single married single again a rushing river

And I also think it would be worth your while to read Zane Parks’s haibun “Ain’t No Sunshine.”

I found a lot to think about in Susan Antolin’s essay on her blog Artichoke Season about what makes a “good” poem. (If you go there, you should also spend some time reading Susan’s wonderful haiku and haibun.)

Curtis Dunlap’s Blogging Along Tobacco Road has a great feature called “Three Questions” in which the same three questions are posed to a wide variety of haiku poets, which provides a fascinating look at their varied motivations for writing haiku and understandings of what haiku is. This week the featured poet is Aubrie Cox, a college student who is already a fine haiku poet (and whom I met at Mineral Point and have spent some time batting around ideas about haiku and other literature since then).

If you are on Facebook, I highly recommend joining the pages (or liking them, or whatever the heck it is they call it these days) “haiku now” and “The Haiku Foundation,” where there is almost always some kind of lively discussion of some aspect of haiku going on and where haiku poets from all over share their work and comment on others’. The Haiku Foundation has a regular, weekly-or-so feature where they ask members to contribute a haiku on a particular theme — the current one is “water.” It’s fascinating to see all the different riffs on the topic.

Also on Facebook: Michael Dylan Welch has just come up with the brilliant idea of NaHaiWriMo, a takeoff on NaNoWriMo, the National Novel Writing Month that is starting tomorrow (and that I have, probably unwisely, signed up to participate in, because I don’t have enough to do, I guess.) NaHaiWriMo, naturally, calls for participants to write one haiku a day for a month, in this case the mercifully short month of February. You can join the group now, though, and start commiserating with your fellow participants several months ahead of time.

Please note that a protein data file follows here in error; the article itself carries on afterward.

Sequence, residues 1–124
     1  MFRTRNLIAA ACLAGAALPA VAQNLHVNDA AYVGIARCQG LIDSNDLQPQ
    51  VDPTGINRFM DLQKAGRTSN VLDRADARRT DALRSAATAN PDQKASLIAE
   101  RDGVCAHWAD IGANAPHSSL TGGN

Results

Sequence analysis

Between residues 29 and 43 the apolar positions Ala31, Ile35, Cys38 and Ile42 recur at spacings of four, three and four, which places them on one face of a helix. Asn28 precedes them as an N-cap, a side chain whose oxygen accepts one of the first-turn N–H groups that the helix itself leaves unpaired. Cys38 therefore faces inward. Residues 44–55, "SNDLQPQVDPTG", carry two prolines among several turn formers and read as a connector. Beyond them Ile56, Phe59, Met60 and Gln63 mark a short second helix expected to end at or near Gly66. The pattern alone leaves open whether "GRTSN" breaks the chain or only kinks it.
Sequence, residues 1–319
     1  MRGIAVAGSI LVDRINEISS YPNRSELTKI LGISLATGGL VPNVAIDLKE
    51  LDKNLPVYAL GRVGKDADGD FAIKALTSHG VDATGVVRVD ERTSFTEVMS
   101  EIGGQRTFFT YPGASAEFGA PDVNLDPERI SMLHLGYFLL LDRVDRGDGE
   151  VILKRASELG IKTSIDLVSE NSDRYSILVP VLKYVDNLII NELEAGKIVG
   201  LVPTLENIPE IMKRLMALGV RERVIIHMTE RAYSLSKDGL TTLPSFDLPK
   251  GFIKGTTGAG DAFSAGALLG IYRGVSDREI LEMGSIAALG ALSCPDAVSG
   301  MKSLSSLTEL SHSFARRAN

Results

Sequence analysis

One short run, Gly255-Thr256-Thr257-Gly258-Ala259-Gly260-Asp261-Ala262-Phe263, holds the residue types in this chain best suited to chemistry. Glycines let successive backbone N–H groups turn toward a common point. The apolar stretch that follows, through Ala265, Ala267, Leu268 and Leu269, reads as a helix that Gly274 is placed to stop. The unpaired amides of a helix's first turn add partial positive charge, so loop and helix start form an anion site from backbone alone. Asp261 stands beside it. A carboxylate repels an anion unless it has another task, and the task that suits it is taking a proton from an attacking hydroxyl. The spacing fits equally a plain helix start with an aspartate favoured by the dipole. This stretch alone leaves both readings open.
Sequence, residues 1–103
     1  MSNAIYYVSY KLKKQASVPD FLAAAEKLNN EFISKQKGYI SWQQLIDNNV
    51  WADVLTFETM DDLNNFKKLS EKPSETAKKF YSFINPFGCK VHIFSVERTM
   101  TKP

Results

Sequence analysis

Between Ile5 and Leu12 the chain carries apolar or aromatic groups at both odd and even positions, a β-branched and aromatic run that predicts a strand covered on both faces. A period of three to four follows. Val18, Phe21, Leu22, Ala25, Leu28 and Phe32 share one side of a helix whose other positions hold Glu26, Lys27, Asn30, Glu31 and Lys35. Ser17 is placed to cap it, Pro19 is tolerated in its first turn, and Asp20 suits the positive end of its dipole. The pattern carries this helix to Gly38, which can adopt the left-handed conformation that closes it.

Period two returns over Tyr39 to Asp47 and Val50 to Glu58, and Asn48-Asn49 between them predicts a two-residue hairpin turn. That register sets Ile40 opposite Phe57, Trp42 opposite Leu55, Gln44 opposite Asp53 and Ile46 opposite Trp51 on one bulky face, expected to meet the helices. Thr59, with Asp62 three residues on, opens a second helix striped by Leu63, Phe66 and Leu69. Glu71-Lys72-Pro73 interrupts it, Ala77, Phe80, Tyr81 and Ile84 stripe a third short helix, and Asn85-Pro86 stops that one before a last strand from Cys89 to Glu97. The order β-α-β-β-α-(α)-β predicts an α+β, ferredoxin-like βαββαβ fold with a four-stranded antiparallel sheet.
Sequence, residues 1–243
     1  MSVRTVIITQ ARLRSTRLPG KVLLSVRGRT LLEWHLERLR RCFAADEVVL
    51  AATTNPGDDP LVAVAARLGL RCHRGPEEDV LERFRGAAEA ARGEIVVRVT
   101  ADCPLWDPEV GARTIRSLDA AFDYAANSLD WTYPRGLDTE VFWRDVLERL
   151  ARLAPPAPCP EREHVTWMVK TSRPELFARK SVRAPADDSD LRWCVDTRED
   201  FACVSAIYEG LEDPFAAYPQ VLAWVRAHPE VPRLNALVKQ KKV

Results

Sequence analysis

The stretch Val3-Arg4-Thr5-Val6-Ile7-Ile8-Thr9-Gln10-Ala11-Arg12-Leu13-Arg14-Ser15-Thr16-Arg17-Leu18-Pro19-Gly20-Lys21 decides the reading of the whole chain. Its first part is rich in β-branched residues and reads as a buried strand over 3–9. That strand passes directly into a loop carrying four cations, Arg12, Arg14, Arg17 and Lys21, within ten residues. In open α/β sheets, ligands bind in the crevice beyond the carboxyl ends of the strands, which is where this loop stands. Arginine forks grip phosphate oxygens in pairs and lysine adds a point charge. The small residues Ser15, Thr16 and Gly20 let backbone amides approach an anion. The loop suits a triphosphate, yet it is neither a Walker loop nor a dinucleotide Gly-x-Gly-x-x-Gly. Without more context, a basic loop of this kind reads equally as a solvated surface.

Via Facebook I have recently become an admirer of the haiku of Vincent Hoarau, who writes primarily in French but frequently translates his haiku into English for the benefit of the non-Francophones among us. I find that my high-school French (as well as the services of a good French-English dictionary) is just sufficient to allow me to enjoy the rhythms of Vincent’s French haiku, such as the one he posted on Facebook yesterday without translation (but I am not going to attempt to translate for you lest I completely embarrass myself):

l’heure d’hiver
dans la paleur de l’aube
un peu perdue

Dead-tree news: From the Everyman’s Library Haiku, which I have been slowly making my way through, several verses have been resonating with me this week (all translations by the not-necessarily-accurate but stylistically pleasant R.H. Blyth):

The flea
That is poor at jumping,
All the more charming.
— Issa

A cage of fireflies
For the sick child:
Loneliness.
— Ryota

The beginning of autumn,
Decided
By the red dragonfly.
— Shirao

Between the moon coming out
And the sun going in —
The red dragonflies.
— Nikyu

The peony
Made me measure it
With my fan.
— Issa

Having cut the peony,
I felt dejected
That morning.
— Buson

From what flowering tree
I know not,
But ah, the fragrance!
— Basho

Roses;
The flowers are easy to paint,
The leaves difficult.
— Shiki

This willow-tree
That looks like a white cat,
Is also a votive flower.
— Issa

As if nothing had happened,
The crow,
And the willow.
— Issa

And that’s the Haikuverse for this week. See you again soon.

October 31: 1-4: Boo.

october stars —
lighting up the ghosts
of fireflies

 

the ghost
I’ll be someday —
the leaf I can’t catch

 

trick-or-treating —
hoping to meet
more ghosts

 

crows in autumn—
telling
ghost stories

 

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I normally have a little bit of a compulsion to write haiku sequences in odd numbers (I just like it better that way, okay?), but four is a good number of haiku about ghosts. For the Japanese, the number four signifies death. (The words are homophones, I believe. Correct me if I’m starting to sound ignorant, as so often happens.)

I’m not scared of ghosts. For one thing, I don’t believe they exist. For another, I kind of wish they did, because who wouldn’t want to talk someone who had died and find out what the scoop was on the whole afterlife thing? Especially if it was someone you’d liked while they were alive.

So these haiku are not exactly calculated to strike terror into your heart. They’re more wistful, I think. Happy All Hallows’ Eve to you all.

Revision, rewriting, editing … stop me when you’ve heard enough